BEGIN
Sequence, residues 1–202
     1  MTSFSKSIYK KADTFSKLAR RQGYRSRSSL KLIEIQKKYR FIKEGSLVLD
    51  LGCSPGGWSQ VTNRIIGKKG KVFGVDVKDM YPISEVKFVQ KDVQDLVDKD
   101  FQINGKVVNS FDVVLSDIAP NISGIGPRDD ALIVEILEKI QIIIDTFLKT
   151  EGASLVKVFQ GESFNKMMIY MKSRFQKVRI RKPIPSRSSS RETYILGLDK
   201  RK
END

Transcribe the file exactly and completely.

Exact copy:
Sequence, residues 1–202
     1  MTSFSKSIYK KADTFSKLAR RQGYRSRSSL KLIEIQKKYR FIKEGSLVLD
    51  LGCSPGGWSQ VTNRIIGKKG KVFGVDVKDM YPISEVKFVQ KDVQDLVDKD
   101  FQINGKVVNS FDVVLSDIAP NISGIGPRDD ALIVEILEKI QIIIDTFLKT
   151  EGASLVKVFQ GESFNKMMIY MKSRFQKVRI RKPIPSRSSS RETYILGLDK
   201  RK